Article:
The City of Mud and Books
The three-sided city of Selussin huddles between the desert and the mountains, in the shadow of the abandoned Patric castle of Revanchard. Once it was a great centre of learning and trade, but at the time of The Books of Outremer the years of war have driven the trade caravans to find other routes. The city itself endures:
Marron gazed up at the baked mud of the arch above the gate and thought he could feel how ancient this place was, and how weary as it faced yet another force of men, yet another invasion.
[Jemel's] bare feet walked on cool and coloured tiles, while the walls were richly hung to hide their simple brickwork; jewels sparkled in tapestries that were faded with age, but still vivid within their folds. One room they passed was lined from floor to ceiling with more books than he had ever seen in his life before, more than he had imagined to be within the world.
This juxtaposition of the poorest building materials with the richest adornment sounds like pure fantasy: yet there is such a city, not in the lands known to the Crusaders as Outremer, but in Mali in west Africa - Timbuktu, now recognised by UNESCO as a World Heritage site.
The golden age of Timbuktu as a centre of trade and learning was several centuries after the time of the Crusades: it flourished in the fifteenth and sixteenth centuries. But its origins go back to the period of Outremer: one account interprets the name Timbuktu as Buktu's Well, and tells how Buktu, a Tuareg woman who was grazing her flocks, found an oasis and decided to settle there permanently. She dug a well which soon became a stopping place for nomads. Whether this is literally true or not, Timbuktu was founded as a camp by Berbers around 1100 C.E., because of its proximity to the Niger River (a major highway as well as a source of water), and its position on the long-established trade route across the Sahara. Caravans quickly began to haul salt from mines in the Sahara Desert to trade for gold and slaves brought along the river from the south.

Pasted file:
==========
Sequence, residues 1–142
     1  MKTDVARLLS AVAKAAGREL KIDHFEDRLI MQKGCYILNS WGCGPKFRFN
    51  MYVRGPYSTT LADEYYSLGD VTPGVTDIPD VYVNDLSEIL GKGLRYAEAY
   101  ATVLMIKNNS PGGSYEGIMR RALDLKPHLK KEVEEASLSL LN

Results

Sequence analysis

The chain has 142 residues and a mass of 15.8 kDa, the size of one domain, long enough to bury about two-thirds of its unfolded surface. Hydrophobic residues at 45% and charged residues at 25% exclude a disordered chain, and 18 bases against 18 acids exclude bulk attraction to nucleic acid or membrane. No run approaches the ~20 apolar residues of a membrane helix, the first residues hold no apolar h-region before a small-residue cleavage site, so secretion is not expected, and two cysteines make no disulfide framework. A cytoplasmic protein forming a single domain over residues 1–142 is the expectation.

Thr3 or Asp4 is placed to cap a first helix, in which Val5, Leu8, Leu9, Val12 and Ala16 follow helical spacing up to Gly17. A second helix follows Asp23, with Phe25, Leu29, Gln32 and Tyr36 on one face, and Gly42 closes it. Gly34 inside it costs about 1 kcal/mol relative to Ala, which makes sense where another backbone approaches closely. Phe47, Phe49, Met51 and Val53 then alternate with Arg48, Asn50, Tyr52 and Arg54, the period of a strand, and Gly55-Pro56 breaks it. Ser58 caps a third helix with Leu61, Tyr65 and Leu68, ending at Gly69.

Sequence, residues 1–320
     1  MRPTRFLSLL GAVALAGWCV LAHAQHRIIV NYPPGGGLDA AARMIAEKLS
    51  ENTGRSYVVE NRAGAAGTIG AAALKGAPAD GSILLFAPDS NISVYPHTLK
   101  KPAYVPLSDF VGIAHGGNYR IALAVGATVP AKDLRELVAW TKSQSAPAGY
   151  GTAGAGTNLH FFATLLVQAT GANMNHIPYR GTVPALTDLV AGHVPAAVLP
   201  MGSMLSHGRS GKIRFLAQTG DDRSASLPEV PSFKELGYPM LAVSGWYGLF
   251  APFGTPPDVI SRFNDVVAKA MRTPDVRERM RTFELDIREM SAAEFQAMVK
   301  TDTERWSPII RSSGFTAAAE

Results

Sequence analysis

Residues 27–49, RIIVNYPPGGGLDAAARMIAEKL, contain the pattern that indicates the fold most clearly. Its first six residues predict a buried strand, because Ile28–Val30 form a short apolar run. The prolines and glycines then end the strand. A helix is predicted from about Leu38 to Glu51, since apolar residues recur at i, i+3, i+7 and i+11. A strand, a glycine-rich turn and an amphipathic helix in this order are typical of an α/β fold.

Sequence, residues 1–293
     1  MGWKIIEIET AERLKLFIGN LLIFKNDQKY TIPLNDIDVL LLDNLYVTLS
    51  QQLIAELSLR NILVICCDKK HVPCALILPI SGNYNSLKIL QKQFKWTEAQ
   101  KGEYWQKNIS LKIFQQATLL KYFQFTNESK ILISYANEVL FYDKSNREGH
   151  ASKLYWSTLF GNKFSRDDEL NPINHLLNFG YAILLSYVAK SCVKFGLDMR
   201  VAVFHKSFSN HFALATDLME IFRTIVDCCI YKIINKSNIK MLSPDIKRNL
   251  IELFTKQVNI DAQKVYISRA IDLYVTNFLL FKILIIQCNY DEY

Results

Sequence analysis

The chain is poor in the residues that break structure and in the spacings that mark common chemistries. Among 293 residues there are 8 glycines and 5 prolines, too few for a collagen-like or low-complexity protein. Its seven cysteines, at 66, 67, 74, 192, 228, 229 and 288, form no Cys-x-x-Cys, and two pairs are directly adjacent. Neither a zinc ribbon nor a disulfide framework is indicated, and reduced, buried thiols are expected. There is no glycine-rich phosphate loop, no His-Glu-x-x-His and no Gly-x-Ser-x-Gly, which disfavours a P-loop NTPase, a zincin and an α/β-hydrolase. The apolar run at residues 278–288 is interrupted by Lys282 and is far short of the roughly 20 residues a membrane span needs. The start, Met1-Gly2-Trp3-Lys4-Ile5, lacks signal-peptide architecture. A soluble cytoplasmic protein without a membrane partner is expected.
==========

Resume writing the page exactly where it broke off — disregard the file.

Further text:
A fascinating and informative page about Mali on the Museum of Virginia website describes the practice of "silent trade":
Arab and African traders brought salt from the north and upon arriving at the trading place they would spread out their goods and announce their presence by beating on a drum called a deba. They would retreat and traders bearing gold would arrive laying out amounts of gold dust next to the salt or other goods as payment and then depart. When the first group returned, if the amount of gold was sufficient they accepted it and left. If not, they would leave everything untouched and wait for more gold to be put out.